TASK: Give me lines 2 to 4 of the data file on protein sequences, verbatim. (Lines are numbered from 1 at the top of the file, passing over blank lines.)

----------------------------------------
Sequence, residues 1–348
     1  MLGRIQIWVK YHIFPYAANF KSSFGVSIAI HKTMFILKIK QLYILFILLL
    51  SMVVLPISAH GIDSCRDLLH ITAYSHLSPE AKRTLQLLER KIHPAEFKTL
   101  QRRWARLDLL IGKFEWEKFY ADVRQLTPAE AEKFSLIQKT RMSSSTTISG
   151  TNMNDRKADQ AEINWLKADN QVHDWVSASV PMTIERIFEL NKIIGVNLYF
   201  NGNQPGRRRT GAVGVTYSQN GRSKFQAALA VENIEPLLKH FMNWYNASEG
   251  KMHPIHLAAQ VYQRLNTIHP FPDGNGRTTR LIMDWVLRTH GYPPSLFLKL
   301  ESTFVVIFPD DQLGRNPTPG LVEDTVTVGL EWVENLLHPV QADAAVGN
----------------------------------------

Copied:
     1  MLGRIQIWVK YHIFPYAANF KSSFGVSIAI HKTMFILKIK QLYILFILLL
    51  SMVVLPISAH GIDSCRDLLH ITAYSHLSPE AKRTLQLLER KIHPAEFKTL
   101  QRRWARLDLL IGKFEWEKFY ADVRQLTPAE AEKFSLIQKT RMSSSTTISG